Monday, March 18, 2013

Book Review: The Crossley ID Guide: Raptors

I was fortunate to receive a copy of The Crossley ID Guide: Raptors from Princeton University Press recently.

Most birders I know have a copy of The Crossley ID Guide, Eastern Birds, that I reviewed previously. The original Crossley guide was a very large volume with photos of all the bird species in the U.S. So why should a birder invest in another Crossley guide? Because  the raptor guide is focused on more in-depth information on the species they cover and spends a lot of space on comparing characteristics to differentiate birds in the field. Raptors are notoriously difficult for most birders; we can use all the help we can get.

Sample Alpomado Falcon plate, used with permission
As with the previous Crossley guide, there are lots of photos. I've included a sample from the section on the Alpomado falcon to the right.

However, I really enjoyed the ability to learn more about the individual birds in the new book. There were multiple plates for one of my favorite little raptors, the American kestrel. These elegant little birds are very common in north central Texas in the winter. They are much less common in the summer, but they do breed here--we get fuzzy little babies at Wild Bird Rescue most summers. Other less common falcons are the prairie falcon and the peregrine falcon.

The Crossley Guide is not really intended to be used in the field, although the raptor guide is small enough to carry. What the book is especially good for is to study between field trips to improve your knowledge of field marks and plumages when you have time to really study the differences. I especially liked the quiz pages where multiple similar species are shown sitting and in-flight, from various aspects, with the opportunity to determine the identification on your own before looking at the key.

For those interested in more information, check out the free sampler available at the Princeton University Press site. You can also learn more about the guide (and other neat stuff about birds) by checking out the Princeton University Press blog tour. There have been some really excellent blogs so far--you can find them all in the blog tour schedule. The blog tour started on March 11 and will run through this week, culminating in a Raptor ID Happy Hour with Richard Crossley and Brian Sullivan, 6:00 PM - 7:00 PM EST on Friday. March 22. You can access the Happy Hour at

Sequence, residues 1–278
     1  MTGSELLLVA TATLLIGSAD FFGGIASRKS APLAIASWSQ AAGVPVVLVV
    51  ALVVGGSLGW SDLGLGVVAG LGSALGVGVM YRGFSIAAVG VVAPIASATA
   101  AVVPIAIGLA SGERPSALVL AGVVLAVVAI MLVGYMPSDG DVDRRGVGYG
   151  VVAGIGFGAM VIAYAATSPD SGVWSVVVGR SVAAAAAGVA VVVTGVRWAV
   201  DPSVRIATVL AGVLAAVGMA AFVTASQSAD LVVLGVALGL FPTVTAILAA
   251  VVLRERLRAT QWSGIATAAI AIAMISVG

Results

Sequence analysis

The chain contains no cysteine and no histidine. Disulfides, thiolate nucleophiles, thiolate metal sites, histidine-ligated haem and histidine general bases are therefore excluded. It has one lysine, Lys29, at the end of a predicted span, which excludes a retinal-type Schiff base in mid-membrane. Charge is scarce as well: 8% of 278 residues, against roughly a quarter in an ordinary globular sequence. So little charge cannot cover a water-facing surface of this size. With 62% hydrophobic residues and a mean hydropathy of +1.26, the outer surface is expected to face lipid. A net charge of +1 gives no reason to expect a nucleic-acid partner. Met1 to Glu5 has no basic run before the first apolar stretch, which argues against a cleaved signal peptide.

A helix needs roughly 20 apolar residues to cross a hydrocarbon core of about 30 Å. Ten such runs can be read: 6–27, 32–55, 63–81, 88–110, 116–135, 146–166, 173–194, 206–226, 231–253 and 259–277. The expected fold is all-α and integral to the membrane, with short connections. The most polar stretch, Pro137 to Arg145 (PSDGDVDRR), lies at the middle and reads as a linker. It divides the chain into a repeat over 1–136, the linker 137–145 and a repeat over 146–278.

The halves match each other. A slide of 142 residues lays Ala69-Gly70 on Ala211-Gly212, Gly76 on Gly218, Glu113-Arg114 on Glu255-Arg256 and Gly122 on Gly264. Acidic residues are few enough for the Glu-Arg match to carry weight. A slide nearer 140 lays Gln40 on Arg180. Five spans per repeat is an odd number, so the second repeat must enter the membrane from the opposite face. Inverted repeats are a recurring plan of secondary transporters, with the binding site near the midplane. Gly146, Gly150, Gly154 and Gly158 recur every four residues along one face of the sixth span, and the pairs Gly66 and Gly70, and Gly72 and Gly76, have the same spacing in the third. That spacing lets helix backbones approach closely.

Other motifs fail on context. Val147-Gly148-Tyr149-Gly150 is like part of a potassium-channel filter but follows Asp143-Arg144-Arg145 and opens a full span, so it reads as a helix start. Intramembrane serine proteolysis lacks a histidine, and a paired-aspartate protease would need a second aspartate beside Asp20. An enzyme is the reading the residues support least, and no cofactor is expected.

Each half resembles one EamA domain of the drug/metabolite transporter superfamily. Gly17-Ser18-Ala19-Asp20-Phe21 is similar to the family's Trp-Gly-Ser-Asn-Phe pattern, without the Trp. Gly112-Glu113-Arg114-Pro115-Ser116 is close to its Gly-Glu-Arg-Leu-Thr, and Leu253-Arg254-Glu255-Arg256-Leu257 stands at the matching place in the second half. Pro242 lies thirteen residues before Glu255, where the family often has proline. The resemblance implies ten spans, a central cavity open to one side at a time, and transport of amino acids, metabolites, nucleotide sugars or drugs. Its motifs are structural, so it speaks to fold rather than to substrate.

Also right now, Princeton University Press is holding a contest for several prizes to include autographed copies of this book, binoculars and other items for one lucky person.

I hope you'll take part in some of the activities associated with the launch of this book and be sure to order your copy from Princeton University Press or your local book store.

Good birding!

Thursday, March 14, 2013

North Texas Bird and Wildlife Club

The  North Texas Bird and Wildlife Club will meet at 7PM at the National Letter Carriers Union Hall at 5310 Southwest Parkway on Tuesday, March 19. This is a small group where members discuss their sightings, share new books and interesting magazine articles and have a short program on some topic.  Come on out!

Good birding!

Book Review: Texas Waterfowl

Well, I've been negligent lately. I have had the book, Texas Waterfowl, by William P. Johnson and Mark W. Lockwood for some weeks and haven't posted a review.

Most of our ducks are here in the winter--only a few are present in the summer months. They are an identification challenge for most of us, especially the immatures and females.

When I lived in Virginia I was fortunate enough to bird with a lady who had spent 40 + years banding warblers. She could identify any warbler she saw even a glimpse of immediately. We were birding one day and we came across some ducks. I asked her if she recognized the species and her answer was, "They're ducks." She hadn't spent nearly as much time learning about ducks. However, for those who are interested in learning more about these birds, consider getting this book.

This slender volume is dedicated to the 45 species of ducks, geese and swans that occur in Texas. The book has an interesting and informational profile on each bird, a range map and a bibliography to help those who are looking for more information. If there is one thing I would like to have seen, it would be at least one photo of each bird in flight. That seems to be the way I see them many times and the only photos were of ducks on the water.

Published by Texas A&M University Press, the book is $25 and well worth the addition to your library if you would like to learn more about these fascinating birds. On Amazon, you can get the book for $16.76.

Good birding!